Median (IQR)49.55 (44.63-73.20)48.47 (49.45-58.92)0.791

4.3. Relationship of Osteoprotegerin and Hepatosteatosis in Obese Group

According to the results of the Mann-Whitney U test in the obese group, the mean Osteoprotegerin level in those with hepatosteatosis was 54.55 ± 25.01 pg/mL (median 49.4602 pg/mL), while the mean in those without hepatosteatosis was 56.30 ± 24.02 pg/mL (median 48.3433 pg/mL), which showed no statistically significant difference between these groups in terms of the median values (P = 0.098) (ROC analysis P > 0.05). Hence, osteoprotegerin cannot be used as an indicator in the determination of hepatosteatosis.

The mean fasting insulin level was significantly higher in those with hepatosteatosis (25.08 ± 17.94 mU/mL) than those without hepatosteatosis (17.29 ± 13.61 mU/mL) (P = 0.016). The mean HOMA-IR level was significantly higher in those with hepatosteatosis (5.74 ± 4.56) than those without hepatosteatosis (3.82 ± 3.38) (P = 0.019). In addition, ALT level was significantly higher in those with hepatosteatosis (28.91 ± 17.13 U/L) than those without hepatosteatosis (21.83 ± 9.04 U/L) (P = 0.013) (Table 4).

Table 4. Characteristics of the Obese Patients with Hepatosteatosis and Without Hepatosteatosisa
Hepatosteatosis (-), n = 45Hepatosteatosis (+), n = 62P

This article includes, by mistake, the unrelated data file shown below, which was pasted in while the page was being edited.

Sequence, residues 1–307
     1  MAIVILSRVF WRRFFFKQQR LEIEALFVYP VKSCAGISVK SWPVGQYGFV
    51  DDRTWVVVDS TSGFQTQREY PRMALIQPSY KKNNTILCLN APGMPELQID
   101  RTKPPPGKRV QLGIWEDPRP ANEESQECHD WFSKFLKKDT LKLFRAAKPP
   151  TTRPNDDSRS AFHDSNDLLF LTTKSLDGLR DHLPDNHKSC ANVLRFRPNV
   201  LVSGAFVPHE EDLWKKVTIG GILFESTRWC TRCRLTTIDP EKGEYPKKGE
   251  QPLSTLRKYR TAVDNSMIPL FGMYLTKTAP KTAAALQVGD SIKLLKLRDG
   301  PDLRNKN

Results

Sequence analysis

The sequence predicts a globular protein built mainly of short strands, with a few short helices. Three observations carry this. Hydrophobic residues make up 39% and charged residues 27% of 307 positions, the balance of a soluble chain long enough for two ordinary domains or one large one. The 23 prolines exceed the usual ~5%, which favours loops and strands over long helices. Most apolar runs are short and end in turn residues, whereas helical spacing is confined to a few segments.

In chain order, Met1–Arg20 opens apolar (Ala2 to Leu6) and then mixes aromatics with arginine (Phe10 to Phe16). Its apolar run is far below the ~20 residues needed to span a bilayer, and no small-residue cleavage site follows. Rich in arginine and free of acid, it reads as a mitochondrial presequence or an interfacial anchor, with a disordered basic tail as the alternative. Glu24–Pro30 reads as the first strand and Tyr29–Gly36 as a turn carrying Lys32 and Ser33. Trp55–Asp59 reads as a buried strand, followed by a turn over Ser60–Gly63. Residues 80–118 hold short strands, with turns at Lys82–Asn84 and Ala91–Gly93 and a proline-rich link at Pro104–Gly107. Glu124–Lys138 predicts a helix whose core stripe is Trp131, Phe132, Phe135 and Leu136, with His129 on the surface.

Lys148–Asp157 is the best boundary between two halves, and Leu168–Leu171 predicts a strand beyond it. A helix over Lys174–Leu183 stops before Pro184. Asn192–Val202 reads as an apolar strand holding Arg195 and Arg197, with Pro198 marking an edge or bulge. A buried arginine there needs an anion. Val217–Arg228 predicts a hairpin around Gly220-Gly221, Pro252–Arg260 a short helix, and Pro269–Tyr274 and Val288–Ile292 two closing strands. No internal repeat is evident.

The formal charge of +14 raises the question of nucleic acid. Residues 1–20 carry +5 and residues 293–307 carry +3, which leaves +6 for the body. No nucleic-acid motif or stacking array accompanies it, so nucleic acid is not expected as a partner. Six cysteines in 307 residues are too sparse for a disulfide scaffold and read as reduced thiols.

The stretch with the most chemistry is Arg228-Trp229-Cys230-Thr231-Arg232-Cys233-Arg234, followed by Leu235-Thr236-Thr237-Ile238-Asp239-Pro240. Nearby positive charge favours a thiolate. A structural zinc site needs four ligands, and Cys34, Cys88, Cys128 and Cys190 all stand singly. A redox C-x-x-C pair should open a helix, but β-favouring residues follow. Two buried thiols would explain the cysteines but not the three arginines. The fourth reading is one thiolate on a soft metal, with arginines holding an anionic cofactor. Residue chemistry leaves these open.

Cholesterol (mg/dL)166.42 ± 25.7161.35 ± 25.580.315
LDL (mg/dL)99.05 ± 25,988.34 ± 25.770.04
HDL (mg/dL)53.55 ± 16.1851.16 ± 16.320.464
Triglycerides (mg/dL)100.8 ± 45,3120.95 ± 54.760.046
Fasting glucose (mU/mL)89.5 ± 6.4891.04 ± 9.690.362
Fasting insulin (mU/mL)17.29 ± 13.6125.08 ± 17.940.016
HOMA-IR3.82 ± 3.385.74 ± 4.560.019
ALT (U/L)21.83 ± 9.0428.91 ± 17.130.013
OPG (pg/mL)
Mean ± SD56.30 ± 24.0254.55 ± 25.01
Median (IQR)48.34 (41.20 - 74.31)49.46 (39.27 - 60.71)0.089

Abbreviations: OPG, Osteoprotegerin; LDL, Low density lipoprotein; HDL, High density lipoprotein; HOMA-IR, Homeostasis model assessment-insulin resistance; ALT, Alanine aminotransferase.

aData are given as mean ± SD or n (%), (%), data are given as mean ± SD and median for osteoprotegerin.

When the correlation analysis was performed in all individuals, a correlation was found only between osteoprotegerin and age (r = - 0.221) (P < 0.05).

5. Discussion